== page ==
Improve digital monographs – report

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Oxford University Press and Cambridge University Press today publish a new report entitled, Researcher’s perspectives on the purpose and value of the monograph: Using and engaging with monographs in a digital environment. Following on from a comprehensive report jointly undertaken by the world’s two largest university presses last year and published in October 2019, this new report returns to the original survey results to better understand what readers and researchers need from digital monographs in light of the immediate need for remote learning and research driven by the global COVID-19 pandemic.

In the original survey, 5,000 scholars of all ages, nationalities, and career levels in the Humanities and Social Sciences gave their thoughts about reading, writing, and publishing monographs - what they would change if they could improve one aspect? Three distinct themes emerged which this supplementary report probes in more detail. Readers want to see:

  1. Digital options with stellar content
  2. Enhanced usability
  3. A fully functional format

Respondents expressed their commitment to the monograph but equally, their desire for the format of digital and e-book editions to be improved and better adapted.

David Clark, managing director of the academic division at Oxford University Press, said: ‘Under radically different circumstances, our study into the monograph continues to guide our response to our users who are now (at times reluctantly) immersed in the online world. Although the allure of the page has not dimmed, our authors and readers are encouraging us to create dynamic, interactive works which combine fully integrated multimedia content with core elements of the printed book such as page numbers and the ability to highlight text’.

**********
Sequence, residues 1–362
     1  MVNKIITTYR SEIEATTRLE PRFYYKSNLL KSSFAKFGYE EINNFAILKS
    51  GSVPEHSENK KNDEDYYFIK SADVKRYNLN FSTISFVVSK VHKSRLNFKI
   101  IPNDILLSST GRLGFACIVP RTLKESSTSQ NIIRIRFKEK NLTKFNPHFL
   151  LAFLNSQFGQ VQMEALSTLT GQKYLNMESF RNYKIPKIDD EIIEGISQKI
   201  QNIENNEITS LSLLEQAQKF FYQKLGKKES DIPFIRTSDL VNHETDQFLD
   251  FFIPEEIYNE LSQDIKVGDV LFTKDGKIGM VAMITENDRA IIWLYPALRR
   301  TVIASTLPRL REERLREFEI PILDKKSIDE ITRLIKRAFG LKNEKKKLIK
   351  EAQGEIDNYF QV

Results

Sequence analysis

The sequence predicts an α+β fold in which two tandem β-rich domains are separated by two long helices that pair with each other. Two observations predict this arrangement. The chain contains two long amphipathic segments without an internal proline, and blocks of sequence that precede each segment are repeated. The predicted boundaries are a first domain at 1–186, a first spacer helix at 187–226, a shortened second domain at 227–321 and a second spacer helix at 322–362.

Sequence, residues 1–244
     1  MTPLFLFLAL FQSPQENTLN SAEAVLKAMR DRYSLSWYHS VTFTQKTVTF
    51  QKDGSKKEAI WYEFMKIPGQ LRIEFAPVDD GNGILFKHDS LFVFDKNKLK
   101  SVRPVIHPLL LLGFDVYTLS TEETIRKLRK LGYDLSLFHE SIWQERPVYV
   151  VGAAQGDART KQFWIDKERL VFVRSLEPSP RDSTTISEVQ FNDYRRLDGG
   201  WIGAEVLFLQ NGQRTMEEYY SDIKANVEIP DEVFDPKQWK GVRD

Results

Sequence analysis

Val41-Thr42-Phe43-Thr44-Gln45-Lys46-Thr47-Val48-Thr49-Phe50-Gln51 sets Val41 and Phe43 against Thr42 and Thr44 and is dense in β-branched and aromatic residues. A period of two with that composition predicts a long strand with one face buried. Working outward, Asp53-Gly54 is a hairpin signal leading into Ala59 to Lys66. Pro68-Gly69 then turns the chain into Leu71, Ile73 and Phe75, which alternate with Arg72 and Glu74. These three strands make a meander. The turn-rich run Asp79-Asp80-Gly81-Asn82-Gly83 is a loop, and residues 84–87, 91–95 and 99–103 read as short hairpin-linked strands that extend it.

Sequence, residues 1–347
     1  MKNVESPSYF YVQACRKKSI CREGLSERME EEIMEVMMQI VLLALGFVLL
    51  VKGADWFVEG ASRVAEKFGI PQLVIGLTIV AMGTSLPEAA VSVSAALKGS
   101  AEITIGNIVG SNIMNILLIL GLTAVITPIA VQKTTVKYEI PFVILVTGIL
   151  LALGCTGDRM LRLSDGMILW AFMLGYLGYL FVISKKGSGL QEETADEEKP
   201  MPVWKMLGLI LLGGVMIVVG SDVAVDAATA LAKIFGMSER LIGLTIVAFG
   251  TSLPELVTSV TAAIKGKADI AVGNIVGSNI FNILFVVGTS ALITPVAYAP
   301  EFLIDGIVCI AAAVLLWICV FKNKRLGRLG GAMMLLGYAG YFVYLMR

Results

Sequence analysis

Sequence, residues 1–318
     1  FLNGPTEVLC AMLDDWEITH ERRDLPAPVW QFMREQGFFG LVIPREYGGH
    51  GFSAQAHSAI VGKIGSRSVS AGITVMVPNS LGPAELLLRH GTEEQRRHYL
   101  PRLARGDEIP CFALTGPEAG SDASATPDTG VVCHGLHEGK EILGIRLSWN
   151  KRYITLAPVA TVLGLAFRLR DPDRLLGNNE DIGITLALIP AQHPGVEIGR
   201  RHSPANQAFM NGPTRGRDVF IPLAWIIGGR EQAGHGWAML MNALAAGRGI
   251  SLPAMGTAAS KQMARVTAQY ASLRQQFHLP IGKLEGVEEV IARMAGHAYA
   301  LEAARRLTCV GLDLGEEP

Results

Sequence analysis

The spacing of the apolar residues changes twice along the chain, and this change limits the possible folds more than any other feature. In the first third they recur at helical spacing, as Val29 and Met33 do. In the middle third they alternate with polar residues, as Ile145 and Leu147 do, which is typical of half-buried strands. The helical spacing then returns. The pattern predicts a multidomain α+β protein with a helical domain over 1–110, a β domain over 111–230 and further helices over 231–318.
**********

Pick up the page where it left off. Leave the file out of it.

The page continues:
Mandy Hill, managing director of the academic division at Cambridge University Press, added: ‘It is clear that the possibilities of an increasingly digital future are already crystallising for the readers and writers of the monograph. We are especially keen to explore how the digital monograph has the potential to support the needs of a typical scholar better than the traditional printed format.

'Our last report concluded that the monograph ‘must evolve to remain relevant….in an increasingly digital world’. That world is now here, the technology exists, the requirements are clear – now we need to harness this with creative thinking to ignite this evolution into a speedier revolution’.

The full report is available here.